Invest in good tools
Joan Bakewell: A selection of quality brushes are worth their cost. And buy good paper. An art-supplies shop is usually staffed by people who know what they’re talking about, so ask for their advice. Don’t go mad and buy lots of tins of different colours, though: you can mix and make your own. Red, blue and yellow will get you a long way.
Don’t be timid
Frank Skinner: The reason I find painting terrifying is that you’ve got this beautiful white canvas and you’re probably going to spoil it. But you mustn’t be intimidated. Just think, ‘Oh, if what I do is rubbish, I’ll get another sheet’.
The artists on the shows that I enjoy the most are the ones who utterly attack the big white space. They’re fearless. If you don’t, you start doing little pencil lines and you’re slightly hiding in one corner. What you want in a painting is life and some sort of passion. Watching quite a lot of the artists paint, it’s like upper body work. That energy comes out in the painting.
Study the Old Masters
JB: Visit galleries. There’s nothing better than getting up close to how the great painters did it. It’s a revelation to see the way Cézanne’s brush strokes differ from Van Gogh’s. Study how they structured a painting, too. Narrow your eyes and see the verticals and horizontals, and how they cross and collide. Nothing is an accident.
Put your subject somewhere unexpected in the picture
FS: For a lot of people, the temptation is just to stick your subject in the middle of the canvas, whether it’s a National Trust house or a person. But if you go for the obvious composition, you’re in the territory of the predictable before you’ve put anything on the canvas. Take a moment to think and change things about – putting a figure at one side of the composition, next to an expanse of colour, perhaps. You want people to look at the painting and think ‘Ah, that was a clever idea’. Something that grabs them, just as you want the first paragraph of a book to grab you.
We had someone who painted a celebrity and they put their head right at the bottom of the frame. That made you think differently about the subject. You started viewing them more as a person, because they’re not centre stage – part of a bigger picture.
You don’t have to be too literal
FS: When you paint a landscape, it’s your landscape. It doesn’t have to be a photographic representation. If you think it would look better if a feature was over there, then move it. That’s not some weirdo modern art thing. There are paintings by Turner where he’s thought, ‘If that tree was nearer the castle it would be a better composition’. Nature can be a bit random, which is annoying when you’re doing a painting, so you can do a nice edit of a landscape. Moving things is also quite exciting because it probably means you’re going to paint something no one else has.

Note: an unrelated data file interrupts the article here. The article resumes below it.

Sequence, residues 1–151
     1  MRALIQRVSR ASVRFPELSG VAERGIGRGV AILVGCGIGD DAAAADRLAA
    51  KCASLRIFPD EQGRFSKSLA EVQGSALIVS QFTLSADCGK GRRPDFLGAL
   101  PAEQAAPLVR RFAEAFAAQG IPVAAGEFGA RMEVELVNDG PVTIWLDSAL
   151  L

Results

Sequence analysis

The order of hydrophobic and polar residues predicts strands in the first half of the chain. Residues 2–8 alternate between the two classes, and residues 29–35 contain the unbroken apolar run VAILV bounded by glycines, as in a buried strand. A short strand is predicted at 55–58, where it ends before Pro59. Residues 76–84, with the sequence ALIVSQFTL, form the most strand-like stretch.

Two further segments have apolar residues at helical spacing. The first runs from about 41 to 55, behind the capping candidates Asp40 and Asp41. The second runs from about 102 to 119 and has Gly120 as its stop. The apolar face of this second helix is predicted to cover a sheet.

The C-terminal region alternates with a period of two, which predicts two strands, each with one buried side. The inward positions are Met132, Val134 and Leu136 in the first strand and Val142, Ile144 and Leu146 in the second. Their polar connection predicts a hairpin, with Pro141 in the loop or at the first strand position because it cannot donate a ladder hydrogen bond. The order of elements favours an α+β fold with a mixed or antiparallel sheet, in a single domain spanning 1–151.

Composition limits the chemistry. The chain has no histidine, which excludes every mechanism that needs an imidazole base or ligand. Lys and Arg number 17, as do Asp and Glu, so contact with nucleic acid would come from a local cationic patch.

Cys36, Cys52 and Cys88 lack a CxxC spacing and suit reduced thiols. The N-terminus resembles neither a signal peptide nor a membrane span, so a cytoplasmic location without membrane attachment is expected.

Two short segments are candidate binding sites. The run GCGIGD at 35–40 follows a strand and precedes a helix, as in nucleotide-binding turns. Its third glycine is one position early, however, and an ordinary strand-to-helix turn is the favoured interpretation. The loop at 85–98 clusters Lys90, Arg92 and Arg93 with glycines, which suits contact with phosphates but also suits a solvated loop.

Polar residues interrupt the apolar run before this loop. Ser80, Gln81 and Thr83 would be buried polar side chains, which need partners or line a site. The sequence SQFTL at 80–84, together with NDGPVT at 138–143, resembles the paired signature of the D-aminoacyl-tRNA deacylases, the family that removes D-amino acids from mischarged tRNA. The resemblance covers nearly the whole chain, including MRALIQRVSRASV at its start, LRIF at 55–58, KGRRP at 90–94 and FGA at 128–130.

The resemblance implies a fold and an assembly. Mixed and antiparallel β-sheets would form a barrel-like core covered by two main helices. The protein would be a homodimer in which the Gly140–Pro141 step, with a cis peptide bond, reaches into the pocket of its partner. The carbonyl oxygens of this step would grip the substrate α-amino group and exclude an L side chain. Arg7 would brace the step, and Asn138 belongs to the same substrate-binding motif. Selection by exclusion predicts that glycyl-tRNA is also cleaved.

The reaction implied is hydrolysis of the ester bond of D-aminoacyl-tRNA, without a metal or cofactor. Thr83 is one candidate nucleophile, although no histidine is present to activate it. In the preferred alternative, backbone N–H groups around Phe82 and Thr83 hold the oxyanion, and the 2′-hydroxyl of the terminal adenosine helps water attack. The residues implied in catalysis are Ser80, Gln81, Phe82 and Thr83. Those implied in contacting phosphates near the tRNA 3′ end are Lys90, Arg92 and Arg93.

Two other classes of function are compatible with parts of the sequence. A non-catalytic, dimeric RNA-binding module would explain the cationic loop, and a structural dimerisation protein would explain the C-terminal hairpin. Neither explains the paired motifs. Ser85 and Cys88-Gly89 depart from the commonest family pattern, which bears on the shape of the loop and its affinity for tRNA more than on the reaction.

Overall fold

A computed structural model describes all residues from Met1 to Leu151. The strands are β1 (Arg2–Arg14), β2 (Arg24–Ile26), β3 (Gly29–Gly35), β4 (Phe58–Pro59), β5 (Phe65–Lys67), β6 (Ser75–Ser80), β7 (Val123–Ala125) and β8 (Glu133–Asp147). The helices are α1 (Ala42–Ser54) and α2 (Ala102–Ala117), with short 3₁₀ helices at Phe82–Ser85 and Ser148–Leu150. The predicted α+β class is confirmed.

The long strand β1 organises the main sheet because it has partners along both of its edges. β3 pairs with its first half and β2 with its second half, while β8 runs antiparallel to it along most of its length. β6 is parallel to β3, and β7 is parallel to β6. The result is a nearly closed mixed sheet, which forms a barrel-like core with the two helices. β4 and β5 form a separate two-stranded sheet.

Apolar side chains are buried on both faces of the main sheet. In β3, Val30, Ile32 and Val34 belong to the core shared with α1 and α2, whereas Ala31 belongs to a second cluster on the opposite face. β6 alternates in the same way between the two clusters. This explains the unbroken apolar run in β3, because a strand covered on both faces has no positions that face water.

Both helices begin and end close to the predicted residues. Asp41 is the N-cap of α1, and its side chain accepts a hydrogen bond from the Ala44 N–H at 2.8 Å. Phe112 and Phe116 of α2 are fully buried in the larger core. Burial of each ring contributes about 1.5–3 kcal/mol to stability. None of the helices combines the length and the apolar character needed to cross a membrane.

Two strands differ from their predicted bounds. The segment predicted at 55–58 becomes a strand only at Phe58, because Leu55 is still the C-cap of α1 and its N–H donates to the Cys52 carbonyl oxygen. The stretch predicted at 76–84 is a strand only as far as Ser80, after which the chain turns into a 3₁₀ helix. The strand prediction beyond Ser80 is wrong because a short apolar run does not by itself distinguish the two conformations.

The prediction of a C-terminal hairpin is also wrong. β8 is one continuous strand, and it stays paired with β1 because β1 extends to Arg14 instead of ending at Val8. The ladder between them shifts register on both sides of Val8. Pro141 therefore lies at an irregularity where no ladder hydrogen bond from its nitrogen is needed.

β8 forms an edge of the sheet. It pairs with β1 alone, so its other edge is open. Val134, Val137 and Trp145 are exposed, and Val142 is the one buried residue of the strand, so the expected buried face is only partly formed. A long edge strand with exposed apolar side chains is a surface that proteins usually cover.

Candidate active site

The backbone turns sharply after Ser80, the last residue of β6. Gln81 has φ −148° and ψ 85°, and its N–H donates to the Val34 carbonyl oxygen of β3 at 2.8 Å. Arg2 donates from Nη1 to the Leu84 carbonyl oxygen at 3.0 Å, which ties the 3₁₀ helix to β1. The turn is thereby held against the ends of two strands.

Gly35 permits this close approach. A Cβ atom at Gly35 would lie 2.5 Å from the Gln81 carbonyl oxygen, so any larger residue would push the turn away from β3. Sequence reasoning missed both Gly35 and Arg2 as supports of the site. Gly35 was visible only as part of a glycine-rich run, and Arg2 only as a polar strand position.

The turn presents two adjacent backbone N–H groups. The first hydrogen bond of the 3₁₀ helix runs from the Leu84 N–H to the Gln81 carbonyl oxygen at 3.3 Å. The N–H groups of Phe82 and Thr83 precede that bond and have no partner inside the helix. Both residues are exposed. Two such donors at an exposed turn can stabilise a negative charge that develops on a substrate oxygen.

I don’t think you can do it in portraits so much, though. You can’t say. ‘Oh, they’ve got a big nose – I’ll give them a new one’.
Take time to really look at your subject
FS: I’ve stood looking at a landscape with an artist and they’ve said, ‘There’s a lot of purple in that hill’. I’ve thought, ‘It’s just green’. Then they’ll say, ‘No, if you look at that shadow…’ and, almost like a Magic Eye, you look and look and the purple appears. I think we’ve probably all got the ability to look at things this deeply, but we don’t. We probably see them at about 60%, while artists see them at 95%.
I once studied a lake with the artist Tai-Shan Schierenberg for about ten minutes and he talked about the effects on the surface of the water – the reflections of the light and stuff. The more he spoke, it was like learning a language. I was like, ‘Yes, of course. YES! I can see that now’. I’d looked at that lake ten times that day and none of those things had occurred to me, but he’d found a way of getting straight to the heart of the matter.
With portraits, a lot of the artists like to get the sitter chatting. When they get their personality a bit more, it influences the way they paint them – a bit of the inside of the person on the canvas, as well as the surface. If you decide they are warm and kind, for instance, the way you paint their eyes or their mouth is just infused with that.
Know when to stop
FS: People say, ‘The thing about a painting is, how do you know when you’ve finished?’ I used to think it was a trivial, jokey remark. But after doing the show, I’ve realised it’s a massively important thing. I’ve walked past so many people and they’ve got something brilliant on the canvas. Then they’ve had a little pick at that, a little pick at this, I’ve gone back five minutes later and they’ve killed it.
It’s important to be brave enough to look at what you’ve done and say, ‘I really like that now,’ even if you might not think it’s properly finished. I’ve watched even really good artists destroy their pieces by over-working. ‘What if I put just a bit more colour in it?’ they’ll say, and suddenly throw the balance of the painting. Then they have to go to another part of the canvas to redress things and suddenly two things are going wrong. They lose confidence in the whole painting, start redoing it and end up putting a bad painting over a good one.
Decide to love what you do
JB: When you start painting, you are about to embark on a wonderful journey; one that is uniquely yours and expresses your true self. I had a go at watercolour once myself and produced the work of a giddy, chirpy optimist. ‘Where did she come from?’ I wondered. Don’t let the world judge you, and don’t be hard on yourself, discouraged or disheartened.
I always pity those painters working in the open when passers-by stop to look, and comment, and spoil the moment. Find a place to be on your own.
Frank Skinner spoke to Simon Hemelryk
The third series of Landscape Artist of the Year is on Sky Arts now. The fourth series of Portrait Artist of the Year starts in January